Most enthusiasts judge the quality of a custom keycap set based on the plastic material used. However, the plastic material is only one of the many factors that affect the quality of keycaps. There are other factors that should be noted, such as the durability of the legends and the process used to print the legends.
Different keycaps utilize different printing methods for the legends. Some use high-quality double-shot legends while others tend to go for dye sublimation or other lower-cost methods. The different printing methods will ultimately affect the durability of your keycap legends, Some may fade over time while others are technically impossible to rub off.
The fact that keycap legends highly determine the look of the keycaps is enough of a reason to keep an eye on the printing quality and process used for the keycap legends. In this article, we will be going through some of the commonly used keycap legends.
We’ll go through concepts such as double-shot, dye sublimation, pad printing, laster-etching, and many more. And by the end of this article, consumers should have a better idea of what keycap legend printing method is the most durable.
What are Keycap Legends?
The printed fonts inscribed or etched on the keycap’s top, front, or side are called legends. These legends are usually imprinted through dye-sublimation, laser printing, double-shot molding, pad-printing, etc. The type of plastic material used in making the keycaps normally decide which type of printing should be used to achieve a better and more durable keycap legend.
Keycaps can be made out of anything, but they are usually made out of PBT (Polybutylene Terephthalate) or ABS (Acrylonitrile Butadiene Styrene), commonly used materials to manufacture custom keycaps for mechanical keyboards. Keycaps made out of ABS plastic exhibit a more vibrant color but tend to get shiny and slippery after long use since you are polishing the keycap with your fingers. On the other hand, PBT doesn’t wear or shine that easily but cannot achieve the same vibrancy as ABS and is more prone to warping.
Each may have its pros and cons, but the printing process is just as important aside from the plastic type. It has a significant effect on the keycap legend’s durability. Some printing is just simply dying the top of the keycap, which fades eventually. Still, to attain a more durable keycap legend, another process inscribes the legend into the keycap itself, which prolongs its lifespan, or for most, it never comes off.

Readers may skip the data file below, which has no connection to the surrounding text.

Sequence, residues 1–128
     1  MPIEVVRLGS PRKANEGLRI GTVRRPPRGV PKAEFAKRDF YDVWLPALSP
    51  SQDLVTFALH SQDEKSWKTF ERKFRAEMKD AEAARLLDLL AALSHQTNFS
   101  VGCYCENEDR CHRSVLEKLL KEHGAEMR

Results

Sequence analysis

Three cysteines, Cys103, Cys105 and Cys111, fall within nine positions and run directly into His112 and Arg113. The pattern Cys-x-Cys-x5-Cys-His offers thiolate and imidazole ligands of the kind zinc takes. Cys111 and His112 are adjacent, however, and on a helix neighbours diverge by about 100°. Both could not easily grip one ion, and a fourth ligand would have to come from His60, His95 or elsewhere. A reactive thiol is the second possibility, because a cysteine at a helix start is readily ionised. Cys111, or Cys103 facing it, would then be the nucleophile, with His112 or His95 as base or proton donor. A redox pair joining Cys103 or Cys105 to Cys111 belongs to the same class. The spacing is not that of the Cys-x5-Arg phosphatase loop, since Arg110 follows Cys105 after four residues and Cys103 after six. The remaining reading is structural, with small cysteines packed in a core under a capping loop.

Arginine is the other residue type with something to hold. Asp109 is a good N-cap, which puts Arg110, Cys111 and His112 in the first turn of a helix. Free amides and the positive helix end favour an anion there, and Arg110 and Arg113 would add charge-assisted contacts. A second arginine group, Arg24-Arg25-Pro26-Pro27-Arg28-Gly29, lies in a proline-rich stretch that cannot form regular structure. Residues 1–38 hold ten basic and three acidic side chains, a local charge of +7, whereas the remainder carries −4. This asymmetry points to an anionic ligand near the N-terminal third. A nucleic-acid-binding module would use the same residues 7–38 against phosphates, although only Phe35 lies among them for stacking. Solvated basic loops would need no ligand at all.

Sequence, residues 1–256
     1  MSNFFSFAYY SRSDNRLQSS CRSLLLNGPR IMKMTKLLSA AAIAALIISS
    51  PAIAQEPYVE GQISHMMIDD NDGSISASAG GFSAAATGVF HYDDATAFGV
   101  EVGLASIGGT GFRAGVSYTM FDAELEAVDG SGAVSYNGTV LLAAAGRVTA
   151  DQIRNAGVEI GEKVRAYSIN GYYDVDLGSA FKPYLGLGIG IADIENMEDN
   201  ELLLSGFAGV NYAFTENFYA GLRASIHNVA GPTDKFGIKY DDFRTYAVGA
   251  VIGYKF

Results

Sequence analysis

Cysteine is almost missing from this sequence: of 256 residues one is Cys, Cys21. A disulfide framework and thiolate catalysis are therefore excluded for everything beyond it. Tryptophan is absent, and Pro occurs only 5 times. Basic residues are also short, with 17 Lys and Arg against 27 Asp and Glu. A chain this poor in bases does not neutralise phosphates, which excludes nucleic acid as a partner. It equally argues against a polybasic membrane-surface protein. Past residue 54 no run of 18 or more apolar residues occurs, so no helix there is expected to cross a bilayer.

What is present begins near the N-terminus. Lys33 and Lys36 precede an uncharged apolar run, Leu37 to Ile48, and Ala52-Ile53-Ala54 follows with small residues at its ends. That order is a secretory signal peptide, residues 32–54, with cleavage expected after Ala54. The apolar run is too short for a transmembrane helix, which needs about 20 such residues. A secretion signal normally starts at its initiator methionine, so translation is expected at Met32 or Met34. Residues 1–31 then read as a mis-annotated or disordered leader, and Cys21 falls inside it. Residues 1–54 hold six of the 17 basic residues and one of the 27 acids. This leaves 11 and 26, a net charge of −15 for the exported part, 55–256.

Types of Printing and their Durability
Double-shot molding is known to produce the most durable legends. This is usually the process used on higher-end keycaps such as GMK. It is also the most expensive and inefficient molding process due to the more complex methods used for double-shot legends.
This process combines two different plastic molds with different colors instead of exactly printing the legend onto the keycap. Usually, the first shot of the layer creates the legend; then the second shot is molded around it, making the keycap hull. In this method, the legend will surely never fade nor disappear because it is a different part of the plastic merged with the shell of the keycap, which creates a high-contrast legend.
Dye-sublimation is used in the majority of the more advanced keycaps. They aren’t up to the same standards as double-shot keycaps, but they can certainly hold their own. They are a significant step above pad printing but still not as good as double-shot keycaps.
This way of keycap legend printing uses a dyed template wherein heat is applied to transfer the design to the surface of the plastic keycap. The dye is absorbed by the keycap material and is pretty much permanently stained into the keycap.
You can say that the legend is like being tattooed into the keycap. This process causes the dye to seep into the plastic, which is different from other types of printing where it forms a layer of paint on top of the plastic.
Dye-sublimation cannot wear off that easily as paint, and users can easily imprint multiple colors. However, the dye used for the legend must be darker than the keycap it is being dyed into. This implies that you cannot use dye-sublimation to black keycaps because nothing is darker than black.
Since it uses heat to apply the design, PBT plastic keycaps are usually used because they have higher heat resistance than other plastic materials. It may be harder to wear off, but the legend may have softer edges over time, and the dying process may result in fuzzy or blurry legends. It is more durable than other printing methods like pad printing and laser printing which is why it is more expensive but cheaper than the double-shot method.